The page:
|28th September 2006, 21:26||#16|
Senior - BHPian
Join Date: Jun 2006
Thanked: 1,252 Times
Don't buy a car, lease it. It's cheaper
Ravi Teja Sharma in New Delhi.
September 28, 2006 13:07 IST
Instead of buying a car, what if you could just rent one for regular use? Car rentals are popular in several countries, but this is about car leasing -- renting out cars on contracts that can last three years.
"Globally, it's not very important for many customers to have a car registered in their name. In India, a car is still considered an asset though logically the value of the car goes down drastically as soon as it is out of the showroom," says Rajiv K Vij, CEO, Hertz India, which started leasing cars in India about eight months ago.
The corporate segment is vast, and rental firms are targeting them for bulk deals. As with the manner in which credit cards started, the reason may be safety. The fleet sizes are still small, with Hertz expecting a leased-car tally of only about 3,000 cars by 2007.
Overall, there are about 25,000 cars on the streets on lease across the country, generating annual revenues of some Rs 600 crore (Rs 6 billion). The potential, though, is estimated at about 60,000 cars a year, says Vij, a reason that the market is sizzling ahead at 60 per cent a year.
Vij explains that there are two types of leases possible -- a financial lease and an operational lease. The latter, by which Hertz buys, registers, insures, accessory-fits and gives the car to the corporate, is more popular. Hertz looks after maintenance and all the rest of it.
The pricing is such that the customer pays only a little above the depreciation of the car (total value minus residual value at the end of the lease), plus maintenance. It's better than taking a car loan, claims Hertz.
Your monthly outgo on, say, a Rs 7.5 lakh (Rs 750,000) three-year loan at 11 per cent interest for a sedan would be about Rs 27,000 plus maintenance (at Re 1 per kilometer) of Rs 1,700 per month. Hertz promises the same car at only about Rs 16,000 per month, and a lower rate of maintenance.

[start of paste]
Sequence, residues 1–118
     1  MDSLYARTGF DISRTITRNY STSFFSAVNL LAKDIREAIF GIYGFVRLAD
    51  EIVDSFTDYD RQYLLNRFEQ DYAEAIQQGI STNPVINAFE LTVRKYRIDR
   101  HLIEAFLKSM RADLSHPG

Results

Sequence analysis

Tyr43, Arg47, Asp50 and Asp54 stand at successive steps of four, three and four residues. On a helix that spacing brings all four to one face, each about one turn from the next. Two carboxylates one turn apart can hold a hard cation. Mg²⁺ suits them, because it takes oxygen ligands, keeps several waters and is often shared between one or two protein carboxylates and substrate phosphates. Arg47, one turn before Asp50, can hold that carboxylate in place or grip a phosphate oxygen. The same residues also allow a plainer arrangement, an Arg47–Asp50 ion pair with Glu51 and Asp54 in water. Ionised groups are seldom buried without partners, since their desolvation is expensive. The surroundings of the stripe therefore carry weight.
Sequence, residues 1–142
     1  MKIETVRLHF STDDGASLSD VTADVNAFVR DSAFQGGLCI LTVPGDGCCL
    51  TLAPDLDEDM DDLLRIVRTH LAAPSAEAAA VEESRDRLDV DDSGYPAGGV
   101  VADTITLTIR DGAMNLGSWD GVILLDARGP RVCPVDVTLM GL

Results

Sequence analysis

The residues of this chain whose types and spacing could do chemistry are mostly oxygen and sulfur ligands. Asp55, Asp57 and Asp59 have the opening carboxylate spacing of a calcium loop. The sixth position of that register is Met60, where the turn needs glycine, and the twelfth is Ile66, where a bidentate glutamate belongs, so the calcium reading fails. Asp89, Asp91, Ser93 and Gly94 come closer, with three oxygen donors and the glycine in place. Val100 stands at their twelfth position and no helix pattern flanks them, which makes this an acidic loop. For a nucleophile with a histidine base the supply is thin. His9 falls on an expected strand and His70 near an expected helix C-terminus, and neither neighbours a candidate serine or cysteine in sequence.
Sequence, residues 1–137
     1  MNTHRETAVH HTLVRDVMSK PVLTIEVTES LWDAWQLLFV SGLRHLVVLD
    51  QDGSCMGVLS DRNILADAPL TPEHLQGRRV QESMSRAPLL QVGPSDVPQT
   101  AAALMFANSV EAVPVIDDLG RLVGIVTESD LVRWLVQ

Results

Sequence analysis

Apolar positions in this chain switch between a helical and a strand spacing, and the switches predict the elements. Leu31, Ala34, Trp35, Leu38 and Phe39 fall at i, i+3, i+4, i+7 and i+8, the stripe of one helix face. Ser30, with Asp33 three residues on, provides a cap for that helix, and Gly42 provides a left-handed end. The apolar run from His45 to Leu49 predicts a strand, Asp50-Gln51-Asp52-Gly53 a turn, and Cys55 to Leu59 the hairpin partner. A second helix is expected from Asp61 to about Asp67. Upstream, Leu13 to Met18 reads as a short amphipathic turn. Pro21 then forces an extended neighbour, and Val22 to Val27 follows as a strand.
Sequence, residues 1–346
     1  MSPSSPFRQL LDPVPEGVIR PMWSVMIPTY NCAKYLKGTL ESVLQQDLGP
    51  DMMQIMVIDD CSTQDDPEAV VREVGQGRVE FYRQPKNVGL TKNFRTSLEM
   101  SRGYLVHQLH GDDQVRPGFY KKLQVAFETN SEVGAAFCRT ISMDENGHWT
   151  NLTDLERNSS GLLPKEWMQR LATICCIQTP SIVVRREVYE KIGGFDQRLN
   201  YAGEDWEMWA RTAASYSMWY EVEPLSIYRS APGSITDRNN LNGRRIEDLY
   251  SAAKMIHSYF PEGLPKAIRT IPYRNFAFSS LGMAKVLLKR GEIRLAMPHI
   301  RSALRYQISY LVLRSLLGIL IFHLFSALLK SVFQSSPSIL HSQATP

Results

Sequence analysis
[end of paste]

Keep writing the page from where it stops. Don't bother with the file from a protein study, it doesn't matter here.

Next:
The largest player in the Indian market today is LeasePlan, with over 11,000 leased cars on Indian roads, which is more than half the total figure. Again, its focus is corporate.
But what about the retail market? Surely individual car users would jump at the idea.
"The potential for B2B is more, and therefore we just lease to corporates as of now," explains Veerle Behets, managing director, LeasePlan India, adding that "collections are not so easy in the individual market right now."
It is true that the retail market involves higher risk. According to Sunjay J Kapur, CEO of Sixt India, another corporate-focused player, leasing needs to be fully backed by a bank, and as soon as that is in place, retail leasing should start.
Moreover, again as with credit cards, the base would have to be larger for the law of numbers to kick in -- reducing fraud to a predictably low level that can be cost-accounted for in the business plan. Sixt has just 150 cars on the road, though it plans to expand its fleet to about 15,000 over the next 3-4 years.
If business catches on, though, the big numbers could materialise even earlier.
|4th October 2006, 16:50||#17|
Join Date: Feb 2004
Thanked: 192,970 Times
As it turns out, my calculations were incorrect. I had calculated the depreciation benefits in their entirety but the fact is...depreciation is a cost and therefore, the actual benefit is 30% (or whatever the tax bracket) of the total depreciation.
Someone wrote to me and pointed out the errors. I have correct the uploaded excel sheet.
Lease works out cheaper by about 5.5 lacs!! I would appreciate if someone who is more proficient with tax details can have a look at the sheet.
Note from Mod : This thread is closed. Please continue the discussion in the Lease Or Loan Article
Last edited by GTO : 7th June 2010 at 17:36. Reason: Adding thread closure note